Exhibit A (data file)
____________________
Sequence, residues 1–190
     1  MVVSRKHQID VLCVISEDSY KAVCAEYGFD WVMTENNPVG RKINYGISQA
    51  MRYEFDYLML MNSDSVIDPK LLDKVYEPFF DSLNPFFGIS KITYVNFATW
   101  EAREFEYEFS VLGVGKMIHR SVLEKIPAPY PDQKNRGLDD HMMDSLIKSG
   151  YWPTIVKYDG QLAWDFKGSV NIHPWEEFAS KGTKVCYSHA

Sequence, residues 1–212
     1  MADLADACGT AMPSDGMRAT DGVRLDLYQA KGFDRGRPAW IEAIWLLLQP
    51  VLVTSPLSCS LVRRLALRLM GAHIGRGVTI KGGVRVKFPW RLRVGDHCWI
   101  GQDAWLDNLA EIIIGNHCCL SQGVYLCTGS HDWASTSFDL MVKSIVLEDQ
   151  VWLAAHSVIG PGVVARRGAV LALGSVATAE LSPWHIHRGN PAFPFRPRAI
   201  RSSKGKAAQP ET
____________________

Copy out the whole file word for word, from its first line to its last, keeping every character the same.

Sequence, residues 1–190
     1  MVVSRKHQID VLCVISEDSY KAVCAEYGFD WVMTENNPVG RKINYGISQA
    51  MRYEFDYLML MNSDSVIDPK LLDKVYEPFF DSLNPFFGIS KITYVNFATW
   101  EAREFEYEFS VLGVGKMIHR SVLEKIPAPY PDQKNRGLDD HMMDSLIKSG
   151  YWPTIVKYDG QLAWDFKGSV NIHPWEEFAS KGTKVCYSHA

Sequence, residues 1–212
     1  MADLADACGT AMPSDGMRAT DGVRLDLYQA KGFDRGRPAW IEAIWLLLQP
    51  VLVTSPLSCS LVRRLALRLM GAHIGRGVTI KGGVRVKFPW RLRVGDHCWI
   101  GQDAWLDNLA EIIIGNHCCL SQGVYLCTGS HDWASTSFDL MVKSIVLEDQ
   151  VWLAAHSVIG PGVVARRGAV LALGSVATAE LSPWHIHRGN PAFPFRPRAI
   201  RSSKGKAAQP ET